Boot the BOOT test for each worker, says employer body

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Boot the BOOT test for each worker, says employer body

A leading employer organisation has expressed concern that enterprise agreements will be strangled in red tape if Fair Work Australia (FWA) has to ensure that every individual worker is not worse off under the BOOT test.

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A leading employer organisation has expressed concern that enterprise agreements will be strangled in red tape if Fair Work Australia (FWA) has to ensure that every individual worker is not worse off under the BOOT test.
 
Australian Business Industrial (ABI), the industrial wing of the NSW Business Chamber, raised the issue this week in its submission to the Senate Inquiry into the Fair Work Bill.
 
ABI said it is concerned that the Better Off Overall Test (BOOT), as currently drafted, will mean that an enterprise agreement cannot be approved unless FWA conducts a test on each and every employee to be covered by the agreement, and finds that each and every employee is better off.
 
Complexity and red tape
 
‘Such a requirement would add an unacceptable level of complexity and red tape to the agreement making process,’ the submission said.
 
ABI recommended that the Government redraft the BOOT to clarify that the BOOT will not be applied to each and every employee to be covered by an agreement, but rather to classes of employees.
 
ABI is also concerned that given that an agreement cannot commence operation until after it is approved by FWA, delays in agreement processing will cause significant inconvenience and uncertainty for employers and employees.
 
Interim agreements
 
It recommended that the Government amend the Bill to stipulate that if not approved by FWA within seven days, an enterprise agreement commence operation on an Interim basis.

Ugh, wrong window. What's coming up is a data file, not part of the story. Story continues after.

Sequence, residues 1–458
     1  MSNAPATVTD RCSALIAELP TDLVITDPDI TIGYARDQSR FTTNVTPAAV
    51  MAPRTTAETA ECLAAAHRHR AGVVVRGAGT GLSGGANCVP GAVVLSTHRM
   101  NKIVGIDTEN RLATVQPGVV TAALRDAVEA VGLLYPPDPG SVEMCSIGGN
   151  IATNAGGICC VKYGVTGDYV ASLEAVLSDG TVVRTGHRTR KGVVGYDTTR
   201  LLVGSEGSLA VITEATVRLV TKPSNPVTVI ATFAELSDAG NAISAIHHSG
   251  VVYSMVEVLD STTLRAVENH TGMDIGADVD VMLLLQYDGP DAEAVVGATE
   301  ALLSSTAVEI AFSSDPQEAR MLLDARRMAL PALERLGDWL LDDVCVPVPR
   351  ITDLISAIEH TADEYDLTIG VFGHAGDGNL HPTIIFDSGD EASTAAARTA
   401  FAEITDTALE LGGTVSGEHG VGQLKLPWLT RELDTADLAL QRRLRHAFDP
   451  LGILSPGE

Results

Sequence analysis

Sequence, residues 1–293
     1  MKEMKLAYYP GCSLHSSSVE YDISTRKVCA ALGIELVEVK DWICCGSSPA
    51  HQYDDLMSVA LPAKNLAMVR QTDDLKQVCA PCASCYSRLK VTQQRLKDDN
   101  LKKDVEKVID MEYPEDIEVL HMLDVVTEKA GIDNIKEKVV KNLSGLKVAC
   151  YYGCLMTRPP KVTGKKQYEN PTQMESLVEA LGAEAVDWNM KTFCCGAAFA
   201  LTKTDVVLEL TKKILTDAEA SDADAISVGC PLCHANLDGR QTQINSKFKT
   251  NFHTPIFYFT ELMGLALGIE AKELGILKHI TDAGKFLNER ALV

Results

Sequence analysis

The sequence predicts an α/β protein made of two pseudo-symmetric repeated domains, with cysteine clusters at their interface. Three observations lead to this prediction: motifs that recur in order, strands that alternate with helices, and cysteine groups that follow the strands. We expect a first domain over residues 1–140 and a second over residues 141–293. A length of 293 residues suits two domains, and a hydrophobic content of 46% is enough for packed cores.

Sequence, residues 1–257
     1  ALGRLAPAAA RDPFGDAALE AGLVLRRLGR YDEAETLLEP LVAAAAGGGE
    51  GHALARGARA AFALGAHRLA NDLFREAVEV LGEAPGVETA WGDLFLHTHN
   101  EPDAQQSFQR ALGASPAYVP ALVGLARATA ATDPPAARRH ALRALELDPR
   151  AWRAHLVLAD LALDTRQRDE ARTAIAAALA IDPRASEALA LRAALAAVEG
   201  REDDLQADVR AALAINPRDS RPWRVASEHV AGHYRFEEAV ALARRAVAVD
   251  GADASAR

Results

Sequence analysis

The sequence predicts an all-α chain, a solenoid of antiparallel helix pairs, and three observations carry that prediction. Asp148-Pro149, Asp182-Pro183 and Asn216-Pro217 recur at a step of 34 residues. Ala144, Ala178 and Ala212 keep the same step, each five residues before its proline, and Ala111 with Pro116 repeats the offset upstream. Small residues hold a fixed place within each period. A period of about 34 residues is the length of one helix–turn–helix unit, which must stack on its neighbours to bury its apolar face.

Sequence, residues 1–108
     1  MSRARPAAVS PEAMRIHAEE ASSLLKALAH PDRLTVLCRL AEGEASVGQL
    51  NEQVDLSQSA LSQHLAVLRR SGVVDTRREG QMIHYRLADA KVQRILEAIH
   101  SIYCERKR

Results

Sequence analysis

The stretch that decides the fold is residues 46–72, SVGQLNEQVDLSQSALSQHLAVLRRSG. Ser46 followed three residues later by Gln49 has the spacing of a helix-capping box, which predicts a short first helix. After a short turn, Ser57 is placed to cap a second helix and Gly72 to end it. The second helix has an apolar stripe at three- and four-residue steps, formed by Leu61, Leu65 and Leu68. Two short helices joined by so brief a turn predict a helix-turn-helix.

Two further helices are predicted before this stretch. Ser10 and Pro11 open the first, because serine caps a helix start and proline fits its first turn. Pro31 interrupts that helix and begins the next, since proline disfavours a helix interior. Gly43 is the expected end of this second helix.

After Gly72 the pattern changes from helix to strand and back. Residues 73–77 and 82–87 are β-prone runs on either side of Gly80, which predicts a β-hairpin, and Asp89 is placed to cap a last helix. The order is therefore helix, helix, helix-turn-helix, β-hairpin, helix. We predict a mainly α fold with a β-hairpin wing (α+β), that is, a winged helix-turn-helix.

If the agreement is later found to have failed the BOOT, FWA should have the capacity to ensure the agreement is rectified, and appropriate compensation afforded.
 
ABI said that if the expansion of agreement content beyond that which pertains to the employment relationship (which unions want) will distract the participants from the proper purpose of bargaining, that is enterprise level productivity improvements.
 
It recommended that agreements deal primarily with matters dealing with the relationship between employers and employees.
 
Right of entry concerns
 
ABI also has serious problems with the union right-of-entry provisions in the legislation.
 
It said right of entry should be confined to historical union coverage, recognising existing demarcation and/or the recognition of any unions bound by an enterprise award or collective agreement.
 
In the longer term, FWA, or the Department, should be given the task of rewriting union eligibility rules in consultation with affected parties.
 
ABI has taken exception to the new capacity under the Fair Work Bill 2008 for unions to inspect the records of non-members.
 
Written permission from non-members
 
ABI said union access to records should be confined to its proper members, or at least, that unions seek an order from FWA before inspecting non-union member employee records.
 
Alternatively the union should have written permission of each employee whose records it wishes to inspect.
 
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